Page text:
"Yes, sir, we’re in position. The riot police have already suffered a few casualties. It’s safe to assume that the pirates might have more grenades and other weapons," the APA ground commander told Director Gener Roman on his walkie-talkie. "The cops are ready to hose down the pirates and their stalls, and then we’ll launch a full-scale assault."

Even as he spoke, the riot police, who had already donned gas masks, turned on the high-pressure hoses and the resisting vendors screamed as the water slammed into them. The APA ground commander and all his operatives had also worn their gas masks, and with a signal, the police and APA started lobbing tear gas canisters in the direction of the stalls.

The APA strike force moved in and began firing their assault rifles, methodically mowing down the pirates who were screaming and clutching at their faces. A few had tied wet rags and handkerchiefs around their face to protect their nose and mouth, and some fired at the APA operatives with their homemade guns. One APA member screamed in agony when an arrow pierced his left arm, but his buddy quickly finished off his attacker with a burst of gunfire.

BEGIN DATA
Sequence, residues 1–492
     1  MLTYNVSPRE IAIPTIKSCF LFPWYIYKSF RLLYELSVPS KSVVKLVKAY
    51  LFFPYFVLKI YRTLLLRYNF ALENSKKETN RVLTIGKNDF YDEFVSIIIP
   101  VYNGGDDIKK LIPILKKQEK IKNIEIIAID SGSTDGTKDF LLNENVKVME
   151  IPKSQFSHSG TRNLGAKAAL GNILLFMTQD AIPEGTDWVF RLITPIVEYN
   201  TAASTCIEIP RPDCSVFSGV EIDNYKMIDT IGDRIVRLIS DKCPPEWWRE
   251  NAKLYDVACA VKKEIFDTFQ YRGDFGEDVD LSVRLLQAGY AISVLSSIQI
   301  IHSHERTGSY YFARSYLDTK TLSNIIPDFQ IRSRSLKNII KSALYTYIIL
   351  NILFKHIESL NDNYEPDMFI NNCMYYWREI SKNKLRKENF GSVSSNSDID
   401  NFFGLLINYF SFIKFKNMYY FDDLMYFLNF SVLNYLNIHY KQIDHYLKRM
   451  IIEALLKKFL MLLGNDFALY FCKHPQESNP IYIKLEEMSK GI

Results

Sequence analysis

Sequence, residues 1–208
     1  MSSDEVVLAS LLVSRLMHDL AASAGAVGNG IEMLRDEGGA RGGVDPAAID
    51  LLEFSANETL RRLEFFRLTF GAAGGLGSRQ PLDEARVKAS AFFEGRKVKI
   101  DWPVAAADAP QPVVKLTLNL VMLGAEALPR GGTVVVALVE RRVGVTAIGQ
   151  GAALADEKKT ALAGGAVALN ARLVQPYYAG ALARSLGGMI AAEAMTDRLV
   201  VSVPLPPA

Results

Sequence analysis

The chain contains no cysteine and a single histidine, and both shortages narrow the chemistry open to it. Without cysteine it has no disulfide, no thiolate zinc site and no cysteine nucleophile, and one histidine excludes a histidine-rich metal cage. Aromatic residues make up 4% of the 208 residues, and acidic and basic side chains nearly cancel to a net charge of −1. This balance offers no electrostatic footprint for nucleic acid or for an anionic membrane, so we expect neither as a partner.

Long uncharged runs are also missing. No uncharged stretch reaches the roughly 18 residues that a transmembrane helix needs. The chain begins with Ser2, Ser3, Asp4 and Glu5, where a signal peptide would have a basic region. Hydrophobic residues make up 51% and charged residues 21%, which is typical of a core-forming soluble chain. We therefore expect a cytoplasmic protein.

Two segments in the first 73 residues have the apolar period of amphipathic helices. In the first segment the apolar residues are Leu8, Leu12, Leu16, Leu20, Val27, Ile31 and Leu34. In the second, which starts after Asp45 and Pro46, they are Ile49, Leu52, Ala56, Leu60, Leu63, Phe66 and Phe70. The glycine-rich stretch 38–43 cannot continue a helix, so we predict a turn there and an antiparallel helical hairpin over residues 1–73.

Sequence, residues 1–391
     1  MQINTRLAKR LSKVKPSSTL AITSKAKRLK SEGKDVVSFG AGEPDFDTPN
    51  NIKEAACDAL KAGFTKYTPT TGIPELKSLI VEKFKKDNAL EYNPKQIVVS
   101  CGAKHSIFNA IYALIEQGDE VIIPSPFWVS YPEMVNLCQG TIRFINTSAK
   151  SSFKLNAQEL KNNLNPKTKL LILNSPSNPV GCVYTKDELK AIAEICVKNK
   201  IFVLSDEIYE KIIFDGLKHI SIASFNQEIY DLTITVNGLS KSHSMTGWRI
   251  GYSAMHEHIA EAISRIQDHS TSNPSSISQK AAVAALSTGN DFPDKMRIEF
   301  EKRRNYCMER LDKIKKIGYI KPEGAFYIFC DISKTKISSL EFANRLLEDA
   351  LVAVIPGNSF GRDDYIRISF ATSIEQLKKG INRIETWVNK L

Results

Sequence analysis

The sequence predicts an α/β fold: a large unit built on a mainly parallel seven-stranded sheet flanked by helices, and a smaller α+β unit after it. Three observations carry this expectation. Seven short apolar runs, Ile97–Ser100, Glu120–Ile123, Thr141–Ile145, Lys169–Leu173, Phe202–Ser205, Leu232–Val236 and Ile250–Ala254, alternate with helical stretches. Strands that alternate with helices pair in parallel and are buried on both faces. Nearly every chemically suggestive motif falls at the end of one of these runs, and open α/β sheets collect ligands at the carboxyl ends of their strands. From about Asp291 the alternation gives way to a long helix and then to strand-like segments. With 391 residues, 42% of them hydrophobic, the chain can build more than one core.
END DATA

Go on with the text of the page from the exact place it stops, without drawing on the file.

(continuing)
Panicking, the defenders of Quiapo abandoned their stalls and started to run away.


Jon-Jon stared at the dead body of the pirate who had wounded the APA operative with the arrow he shot. His face and body were covered with blood, and Jon-Jon struggled not to throw up while looking at the gaping holes on the dying man’s chest.

"Piolo… takbo ka na… Iniwan… ka na…" the pirate managed to rasp before he died.

Jon-Jon stood up and ran. He was running and screaming, but his shouts were cut short as the APA operatives shot him from behind. He feel face-first to the ground. He tried to get up, but his chest was on fire and his mouth was bleeding. He fell on his back and stared at the blue cloudless sky. I’ve broken my nose, he thought wildly, then laughed hysterically as he realized that his next thought was where his DVDs were.